A Gallup poll out this week shows that nearly two-thirds of Americans say they'd replace the Electoral College with a straight popular vote, a number that's been consistent for more than a decade.
Objections to the Electoral College stem from the fact that it runs counter to democracy, by creating a situation in which some peoples' votes count more than others.
In the 2008 presidential election, the vote of one Wyoming resident carried nearly three times more weight than the vote of one California resident. The stats on that are below, but you don't need to be a math whiz or a constitutional scholar to figure out that that's not very democratic.
Ironically, the founders created the Electoral College because they thought it would be more democratic. Under this system, Americans don't vote for the president directly. Instead we vote for electors, who then vote for the president. All states get at least three electoral votes, no matter how few residents they have.
The founders thought the Electoral College would be a way to ensure that smaller states had a voice, and believed that putting judicious electors in charge of casting the actual votes would be a mechanism to prevent regular voters from being manipulated.
Instead, it's led to a lopsided process that on four occasions has resulted in a president who did not get the most popular votes.
Unfortunately, the Electoral College is not the only part of our system for picking a president where some peoples' votes count more than others. In our primary process, voters in states with early primary dates have disproportionate say. By the time voters in states with late primaries head to the polls, the race is often decided.
And those voters are the lucky ones. In states where party affiliation is required for primary participation, independent voters can't vote at all.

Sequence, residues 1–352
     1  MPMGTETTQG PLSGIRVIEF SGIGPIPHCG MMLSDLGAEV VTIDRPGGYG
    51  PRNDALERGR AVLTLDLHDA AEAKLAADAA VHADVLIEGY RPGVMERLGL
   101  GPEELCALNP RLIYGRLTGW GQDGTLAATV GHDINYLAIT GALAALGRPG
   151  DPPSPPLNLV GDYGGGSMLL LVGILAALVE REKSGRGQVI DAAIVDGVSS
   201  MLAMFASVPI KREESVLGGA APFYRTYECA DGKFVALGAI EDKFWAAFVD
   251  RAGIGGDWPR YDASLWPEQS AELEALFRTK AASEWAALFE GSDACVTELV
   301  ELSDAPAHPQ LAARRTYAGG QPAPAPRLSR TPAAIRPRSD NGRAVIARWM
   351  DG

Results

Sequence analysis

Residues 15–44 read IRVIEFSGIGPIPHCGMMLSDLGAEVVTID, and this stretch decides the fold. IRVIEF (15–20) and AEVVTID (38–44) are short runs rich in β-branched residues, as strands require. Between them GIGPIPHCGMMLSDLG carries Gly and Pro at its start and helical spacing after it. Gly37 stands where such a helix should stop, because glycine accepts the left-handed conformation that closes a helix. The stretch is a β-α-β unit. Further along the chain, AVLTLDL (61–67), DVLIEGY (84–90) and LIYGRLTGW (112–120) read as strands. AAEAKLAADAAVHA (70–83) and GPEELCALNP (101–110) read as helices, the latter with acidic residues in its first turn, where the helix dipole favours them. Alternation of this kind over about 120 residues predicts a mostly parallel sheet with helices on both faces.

Then there's the issue of superdelegates in the Democratic party, and similarly powerful insiders in the Republican party. One superdelegate's vote in the selection of a nominee is equal to the votes of about 10,000 regular Democratic voters.
It's no wonder that 58 percent of Americans say they're "furious" about the state of our politics. Americans believe they aren't being represented, and they're right. Few things make people more angry than the feeling that they're powerless.
At AmericansElect.org, we're empowering voters, by creating the first process for nominating a presidential candidate where every person's vote counts equally.
Any registered voter can be a voting delegate in our secure online convention next summer. It doesn't matter what state you live in, what connections you have, or what party you belong to. (In fact, you can still vote in your party's primary while participating in our convention.)
We have no position on any candidate or issue. You decide which issues matter most, you choose the candidates, and you nominate your choice for president. The winner will be on the ballot in all 50 states in 2012.
It's just that simple.
With your participation, Americans Elect is removing barriers between voters and the political process that have existed for too long. In doing so, we're finally making America a country where all votes are created equal.
STATS: In the 2008 election, 13,561,900 California residents voted, compared with 254,658 Wyoming residents. Split these numbers by California's 55 electoral votes and Wyoming's three, and you find that California residents cast 246,580 votes at the polls for every electoral vote from their state, while Wyoming residents cast 84,886 votes for every electoral vote from their state. That's roughly a 3-to-1 ratio.